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dollar instead of the Torah. Let’s be a mamleches kohanim vegoy kadosh. The Rama writes in Siman Alef of Shulchan Aruch Orach Chaim that we should never feel embarrassed by the people who mock us: “Velo yisbayeish mipnei bnei adam hamaligim olov ba’avodas Hashem Yisborach.” The Mishnah Berurah hastens to explain that even in the service of Hashem, we should not employ the middah of azus, for it can influence our behavior in other areas. However, in the Biur Halacha, he states that this admonition of the Bais Yosef is only applicable when people mock one’s private observance of mitzvos, but when people rise up to effect changes in the Torah and its observance, it is a mitzvah to hate those people and to battle them, turning back their plans any way you can. Of course, the first approach should always be a peaceful one, for the Torah is “derocheha darchei noam vechol nesivoseha shalom.” Even when we must give tochachah, it should be with intelligence and thoughtfulness. Rav Chaim Leib Auerbach zt”l, father of Rav Shlomo Zalman Auerbach zt”l, was once asked to what he attributed the fact that he merited such distinguished children. He answered that it was because he was once humiliated and he resolved to accept the scorn and never to respond. My wife’s great-aunt, Henche Leiman a”h, passed away last week at the age of 100. One of her relatives asked her recently to what she attributes her arichus yomim. She thought a moment and responded, “Maybe it is because I never embarrassed anyone.” The Torah way is one of sweetness and refinement. Yet, against that backdrop, the Torah personality never shies away from what’s right and true because of personal bashfulness. Rav Moshe Feinstein zt”l was once so upset that he felt ill and had to rest. He explained the cause of his anguish to his concerned family members. “This morning, a man came to me with a story about a certain rov who, he claimed, is accepting money to give a hechsher on a certain product. Although he has mashgichim in the plant, he turns a blind eye to the improprieties taking place there and the food is, in fact, treif. The man told me that he intends to go to war against that rov and publicize his allegations. He asked me for my blessings for the holy war he is about to engage in. I know the rov, and I know the mashgichim, and I know that what the man is alleging is a lie. I told the man that he is a nogeia bedovor, because this product competes with a product that is under his own hechsher. I told him in very strong terms that it is a lie. I told him very forcefully that what he intends to do is wrong. And I told him that I would defend the other rov and expose the accuser for what he is.”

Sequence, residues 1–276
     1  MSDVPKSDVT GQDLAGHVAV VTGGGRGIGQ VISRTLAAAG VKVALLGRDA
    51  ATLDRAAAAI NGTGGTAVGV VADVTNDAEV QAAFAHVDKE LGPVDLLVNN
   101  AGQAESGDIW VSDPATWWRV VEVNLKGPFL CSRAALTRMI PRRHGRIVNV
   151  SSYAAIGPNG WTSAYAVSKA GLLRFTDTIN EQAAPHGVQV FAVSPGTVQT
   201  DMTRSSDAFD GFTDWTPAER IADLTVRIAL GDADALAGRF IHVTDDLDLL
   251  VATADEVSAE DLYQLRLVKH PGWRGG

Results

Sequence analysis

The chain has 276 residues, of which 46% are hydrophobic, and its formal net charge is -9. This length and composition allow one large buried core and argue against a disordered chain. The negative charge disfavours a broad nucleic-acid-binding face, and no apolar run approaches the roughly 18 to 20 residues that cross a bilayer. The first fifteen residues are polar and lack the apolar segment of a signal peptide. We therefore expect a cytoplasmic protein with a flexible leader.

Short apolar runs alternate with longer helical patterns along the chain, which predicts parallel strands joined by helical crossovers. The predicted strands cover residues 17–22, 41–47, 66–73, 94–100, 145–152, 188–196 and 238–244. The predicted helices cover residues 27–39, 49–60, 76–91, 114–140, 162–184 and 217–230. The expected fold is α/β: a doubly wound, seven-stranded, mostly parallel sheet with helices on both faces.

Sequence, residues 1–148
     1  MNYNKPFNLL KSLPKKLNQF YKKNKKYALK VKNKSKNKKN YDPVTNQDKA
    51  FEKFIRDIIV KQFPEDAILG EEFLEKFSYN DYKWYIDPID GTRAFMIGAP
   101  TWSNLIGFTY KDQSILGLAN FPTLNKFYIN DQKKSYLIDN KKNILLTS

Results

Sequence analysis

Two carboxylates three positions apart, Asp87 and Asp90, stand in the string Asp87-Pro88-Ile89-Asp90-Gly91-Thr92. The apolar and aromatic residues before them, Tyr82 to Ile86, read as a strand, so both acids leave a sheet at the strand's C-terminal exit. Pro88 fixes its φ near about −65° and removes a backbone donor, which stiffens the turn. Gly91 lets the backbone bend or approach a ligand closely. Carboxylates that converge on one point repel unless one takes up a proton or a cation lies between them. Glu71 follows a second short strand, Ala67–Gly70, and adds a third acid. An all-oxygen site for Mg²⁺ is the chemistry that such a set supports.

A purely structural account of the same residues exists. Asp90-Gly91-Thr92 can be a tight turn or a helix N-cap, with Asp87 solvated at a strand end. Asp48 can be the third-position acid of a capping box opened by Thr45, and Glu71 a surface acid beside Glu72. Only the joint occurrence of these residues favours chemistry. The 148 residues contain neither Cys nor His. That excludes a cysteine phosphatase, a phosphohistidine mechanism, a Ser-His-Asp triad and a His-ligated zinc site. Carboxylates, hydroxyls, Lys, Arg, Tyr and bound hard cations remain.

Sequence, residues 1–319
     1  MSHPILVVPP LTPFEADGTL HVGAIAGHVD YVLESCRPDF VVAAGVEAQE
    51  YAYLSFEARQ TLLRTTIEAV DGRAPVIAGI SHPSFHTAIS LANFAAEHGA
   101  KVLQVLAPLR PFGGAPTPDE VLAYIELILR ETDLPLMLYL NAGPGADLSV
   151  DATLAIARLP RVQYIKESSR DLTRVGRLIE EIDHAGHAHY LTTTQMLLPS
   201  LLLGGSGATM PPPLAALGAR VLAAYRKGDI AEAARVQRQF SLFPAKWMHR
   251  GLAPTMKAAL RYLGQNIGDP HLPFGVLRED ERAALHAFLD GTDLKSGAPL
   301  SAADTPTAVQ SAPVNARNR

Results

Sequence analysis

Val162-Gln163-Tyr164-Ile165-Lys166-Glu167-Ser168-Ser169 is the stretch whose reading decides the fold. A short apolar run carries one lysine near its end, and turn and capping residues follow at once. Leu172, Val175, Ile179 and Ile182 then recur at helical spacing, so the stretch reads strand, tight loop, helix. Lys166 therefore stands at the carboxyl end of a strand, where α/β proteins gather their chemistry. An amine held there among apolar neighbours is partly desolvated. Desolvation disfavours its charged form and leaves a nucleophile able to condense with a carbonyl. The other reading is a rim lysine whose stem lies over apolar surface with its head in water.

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AIPAC: Reflections Rabbi Daniel Grama, Rabbi of Congregation Mogen David, Ashkenaz